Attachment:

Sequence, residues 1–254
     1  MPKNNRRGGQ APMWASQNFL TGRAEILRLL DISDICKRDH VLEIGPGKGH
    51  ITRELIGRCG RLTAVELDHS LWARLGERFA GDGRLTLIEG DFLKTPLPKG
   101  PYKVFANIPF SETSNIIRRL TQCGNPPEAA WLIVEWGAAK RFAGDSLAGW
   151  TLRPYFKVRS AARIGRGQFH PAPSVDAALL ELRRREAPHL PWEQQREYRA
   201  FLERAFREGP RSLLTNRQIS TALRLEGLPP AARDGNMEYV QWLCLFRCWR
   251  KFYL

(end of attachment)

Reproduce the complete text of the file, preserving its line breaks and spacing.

Sequence, residues 1–254
     1  MPKNNRRGGQ APMWASQNFL TGRAEILRLL DISDICKRDH VLEIGPGKGH
    51  ITRELIGRCG RLTAVELDHS LWARLGERFA GDGRLTLIEG DFLKTPLPKG
   101  PYKVFANIPF SETSNIIRRL TQCGNPPEAA WLIVEWGAAK RFAGDSLAGW
   151  TLRPYFKVRS AARIGRGQFH PAPSVDAALL ELRRREAPHL PWEQQREYRA
   201  FLERAFREGP RSLLTNRQIS TALRLEGLPP AARDGNMEYV QWLCLFRCWR
   251  KFYL